Her numbers improved?

These are your latest numbers.

Your white cell count is 11,000.

11,000?

Are you serious? (laughing)

Oh, my God.

I was at 45,000.

Nothing we've done has ever brought her white cell count down.

This is far better and faster than anything we could have ever imagined.

Oh, my God.

See?

It was because you sang with me.

(laughing): I mean, you're my good luck charm.

(laughing): No, I'm not.

(laughter)

Oh, baby.

You guys are the best.

Uh, James.

Uh, not to get ahead of ourselves, but there's a concert coming up in a couple of weeks, Phillip Phillips is playing.

He's been a huge hero to Maddie throughout all of this.

I want to buy tickets, but I need to know if there's any way you think she's gonna be strong enough to go.

Don't buy the tickets.

Okay.

Let me.

(chuckles)

(exhales)

I hear the FDA is here to rule on the treatment for GSS.

Yes.

What are the chances of getting approved?

I feel our chances are sky-high, Louis.

(laughing)

Bishop to queen's rook five.

(Louis laughing)

Louis, the bishop doesn't move that way.

It moves diagonally.

GSS is caused by abnormally folded proteins called prions building up in the brain.

These prions stick together in clusters called oligomeric aggregates, which are toxic to brain cells.

We've been working on a new medication called PAI 120b.

It's a prion aggregate inhibitor.

This drug sticks to these abnormal prion proteins so they can't clump together in these toxic aggregates.

Cheng: We've been producing it right here in our pharmacologic sciences lab.

It's in compliance with all FDA standards.

Our patient, Louis Keating, is getting worse.

This disease is attacking his body and his mind, and before long, even his shadow of an existence will come to an end.

But our drug has a chance to change all that.

Worst case scenario, this is a huge leap towards curing this insidious illness.

Best case scenario, we give a man his life back.

I-I mean, this is just a remarkable presentation.

It-it's one of the strongest applications I've seen for a Phase One Clinical Drug trial.

Bell: Great. So we can move towards human trials.

But it's not ready yet.

You have eight weeks of safety data in your animal models, and I totally agree the numbers are really promising, but, James, that's only eight weeks.

But we have a patient here who has an urgent need.

I'm sorry.

I need more data from the animal models for approval of a human trial.

You're looking at six to 12 months, at least.

♪ ♪


This is for you.

Hmm.

Oh, my God.

These are first row tickets to Phillip Phillips.

Mm-hmm.

(chuckles)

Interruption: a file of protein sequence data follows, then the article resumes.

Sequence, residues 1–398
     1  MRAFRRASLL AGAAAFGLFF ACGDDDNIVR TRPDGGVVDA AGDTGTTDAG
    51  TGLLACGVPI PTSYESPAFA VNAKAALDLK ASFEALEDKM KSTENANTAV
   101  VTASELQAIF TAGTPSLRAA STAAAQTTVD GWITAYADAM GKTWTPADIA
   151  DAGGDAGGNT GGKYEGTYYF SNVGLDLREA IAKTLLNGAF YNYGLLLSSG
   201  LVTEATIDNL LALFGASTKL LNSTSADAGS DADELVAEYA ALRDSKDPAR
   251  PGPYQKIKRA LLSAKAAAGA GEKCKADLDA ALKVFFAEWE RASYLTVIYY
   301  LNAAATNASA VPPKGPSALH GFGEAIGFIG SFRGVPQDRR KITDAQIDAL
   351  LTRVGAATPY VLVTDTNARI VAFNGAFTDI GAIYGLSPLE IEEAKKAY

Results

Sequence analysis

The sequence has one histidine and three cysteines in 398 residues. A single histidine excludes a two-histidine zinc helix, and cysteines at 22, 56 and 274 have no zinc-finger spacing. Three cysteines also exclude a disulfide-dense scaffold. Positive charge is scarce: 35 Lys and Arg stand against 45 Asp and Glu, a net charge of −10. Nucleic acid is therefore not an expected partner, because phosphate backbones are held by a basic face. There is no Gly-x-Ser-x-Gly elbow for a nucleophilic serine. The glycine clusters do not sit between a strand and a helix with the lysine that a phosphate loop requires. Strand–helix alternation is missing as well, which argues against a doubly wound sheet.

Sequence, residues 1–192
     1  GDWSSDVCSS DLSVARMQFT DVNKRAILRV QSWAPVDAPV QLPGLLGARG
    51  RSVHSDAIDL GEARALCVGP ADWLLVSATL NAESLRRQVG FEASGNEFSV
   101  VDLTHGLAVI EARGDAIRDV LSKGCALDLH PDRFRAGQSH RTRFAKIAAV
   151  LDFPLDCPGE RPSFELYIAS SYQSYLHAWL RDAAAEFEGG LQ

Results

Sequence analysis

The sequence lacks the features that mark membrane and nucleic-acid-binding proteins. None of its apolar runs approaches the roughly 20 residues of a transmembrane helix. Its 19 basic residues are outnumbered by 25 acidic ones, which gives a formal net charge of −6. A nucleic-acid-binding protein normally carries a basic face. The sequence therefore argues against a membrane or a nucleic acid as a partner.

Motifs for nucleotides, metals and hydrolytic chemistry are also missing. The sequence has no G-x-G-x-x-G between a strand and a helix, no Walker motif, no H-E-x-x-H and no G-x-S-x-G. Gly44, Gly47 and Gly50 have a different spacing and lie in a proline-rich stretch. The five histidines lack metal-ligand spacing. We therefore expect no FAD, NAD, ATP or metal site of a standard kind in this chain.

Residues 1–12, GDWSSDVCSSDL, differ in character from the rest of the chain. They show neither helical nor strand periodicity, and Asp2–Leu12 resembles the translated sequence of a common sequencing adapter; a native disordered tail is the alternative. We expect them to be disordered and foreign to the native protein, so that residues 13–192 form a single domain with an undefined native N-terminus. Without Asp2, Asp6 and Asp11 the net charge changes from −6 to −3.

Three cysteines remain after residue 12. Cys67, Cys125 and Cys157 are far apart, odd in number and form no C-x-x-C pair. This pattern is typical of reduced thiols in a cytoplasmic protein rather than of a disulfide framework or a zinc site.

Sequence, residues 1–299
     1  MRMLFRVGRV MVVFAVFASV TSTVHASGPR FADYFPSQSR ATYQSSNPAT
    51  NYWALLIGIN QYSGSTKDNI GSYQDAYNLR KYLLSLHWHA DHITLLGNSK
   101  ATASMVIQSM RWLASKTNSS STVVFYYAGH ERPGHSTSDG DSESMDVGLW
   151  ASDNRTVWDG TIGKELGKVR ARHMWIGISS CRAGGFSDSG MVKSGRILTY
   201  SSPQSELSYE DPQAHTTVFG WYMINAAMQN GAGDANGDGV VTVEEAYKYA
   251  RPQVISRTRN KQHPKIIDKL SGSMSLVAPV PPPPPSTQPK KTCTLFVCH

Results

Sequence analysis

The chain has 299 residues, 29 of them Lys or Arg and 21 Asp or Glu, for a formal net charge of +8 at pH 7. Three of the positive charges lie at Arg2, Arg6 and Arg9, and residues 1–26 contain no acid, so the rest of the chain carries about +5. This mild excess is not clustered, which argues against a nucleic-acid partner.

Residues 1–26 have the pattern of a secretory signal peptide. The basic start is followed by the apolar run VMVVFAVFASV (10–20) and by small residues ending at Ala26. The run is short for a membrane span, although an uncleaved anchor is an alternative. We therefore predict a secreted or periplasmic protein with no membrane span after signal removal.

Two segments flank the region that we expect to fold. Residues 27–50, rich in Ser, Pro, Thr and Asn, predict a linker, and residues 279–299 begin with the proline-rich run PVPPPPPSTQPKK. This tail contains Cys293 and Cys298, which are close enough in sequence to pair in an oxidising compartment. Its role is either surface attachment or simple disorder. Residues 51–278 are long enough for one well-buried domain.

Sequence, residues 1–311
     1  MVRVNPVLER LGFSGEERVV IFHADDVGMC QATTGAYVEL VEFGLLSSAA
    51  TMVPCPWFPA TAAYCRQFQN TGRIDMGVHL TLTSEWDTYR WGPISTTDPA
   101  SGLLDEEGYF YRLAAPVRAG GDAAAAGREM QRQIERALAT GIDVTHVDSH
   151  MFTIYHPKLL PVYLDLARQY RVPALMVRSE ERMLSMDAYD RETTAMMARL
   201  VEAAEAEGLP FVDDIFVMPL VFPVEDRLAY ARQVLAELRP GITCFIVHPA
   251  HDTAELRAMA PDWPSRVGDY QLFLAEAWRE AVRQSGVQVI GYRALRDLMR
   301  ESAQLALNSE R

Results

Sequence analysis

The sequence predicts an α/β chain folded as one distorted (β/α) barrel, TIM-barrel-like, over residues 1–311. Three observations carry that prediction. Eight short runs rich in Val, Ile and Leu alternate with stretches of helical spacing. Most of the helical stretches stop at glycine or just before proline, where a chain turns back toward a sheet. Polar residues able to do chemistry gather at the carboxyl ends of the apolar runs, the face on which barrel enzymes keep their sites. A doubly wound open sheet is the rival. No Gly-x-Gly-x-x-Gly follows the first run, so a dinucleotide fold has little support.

No.

And backstage passes?

Mm-hmm.

But how did you know?

Your dad told me.

Wait, so you think I'll actually be able to go?

I'm very hopeful.

Oh, my God.

Do you know what I was just doing?

No.

I was writing a song.

I mean, I-I stopped writing songs five months ago, because what was the point, you know?

But for the first time in so long, I can actually see past being a patient.

So... tell me, Maddie, what's in your five-year plan?

I have this stupid fantasy, really, that one day, I'll open up for Phillip Phillips and, you know, he'd invite me onstage and we'd sing a song.

(chuckles)

♪ Just know you're not alone ♪
♪ 'Cause I'm gonna make this place your home. ♪

Sorry. I know it's so dumb.

Sorry.

It's not dumb at all.

I really should go to a concert some day.

You've never been to a concert before?

Not really.

How is that even possible?

I don't know.

I always thought I wanted to go see Beta Band, but then, uh, I heard they broke up.

(both laugh)

So what's your five-year plan, then?

You know, after you've saved everyone's life on the planet.

What are you gonna do then, James Bell?

Well, I guess if you're really asking, uh...

When I was a kid, I'd walk through my neighborhood and I'd look through the windows, and I'd see all these families gathered together around the TV, and I thought, that looks really beautiful.

Mmm.

My mom used to work a lot, and, uh, when she was home we could never agree on a TV show.

So I watched alone.

So I guess when I grow up, what I want is to have a family to watch TV with.

Do you have someone to do that with?

No. (laughs)

I mean... uh...

I have this stupid idea, but...

But what?

I wouldn't even know where to start.

Well, maybe start with what you just said, because it was awesome.

Bell: Brockett.

James.

I've never been to a concert.

Oh?

Ever.

I don't know why, I like music.

I just like to be able to hear the song that I want to hear when I want to hear it.

The idea of having to watch a band and hope that they play the song I want to hear just seems so frustrating.

(chuckles)

(sighs)

What if I'm sitting next to some drunk person who keeps trying to lean on me?

Or someone who has to sing along to every word at the top of their lungs?

You know, James, if you're not enjoying a concert you can always just leave.

This has nothing to do with concerts, Brockett.

Oh, it doesn't?

Concerts is just one example.

I'm talking about life.

About watching TV with your family.

About have a family to watch TV with.

Life's short, Brockett, so short.

And I've waited so long, too long.

James, you're really not making any sense right now.

I want to go to a concert with you, Brockett.

What?

I want to go out with you to a concert.

You know, like on a date.

I get if I'm your boss...?

No, it's not that.

I just, um... Oh, I did... I didn't know, James.

I... I didn't know.

And?

And, um...

(sighs)

I'm really sorry, James, but I can't.

James.

Not now, W.

Just need a minute.

I'm attempting to write a multi-modal imaging program that merges three unique computer languages in the hopes of increasing image clarity down to a tenth of a millimeter to avoid frying Giselle Overman's brain.

Does it sound like I have a minute?

Well, when you do have a minute...

Damn it!

Keyboard!

Okay.

(sniffles)

(clears his throat)

I apologize.

That was very immature.

Man: James?

Thank you. Sorry for yelling.

I want to run some tests. I'll need you to fast tonight.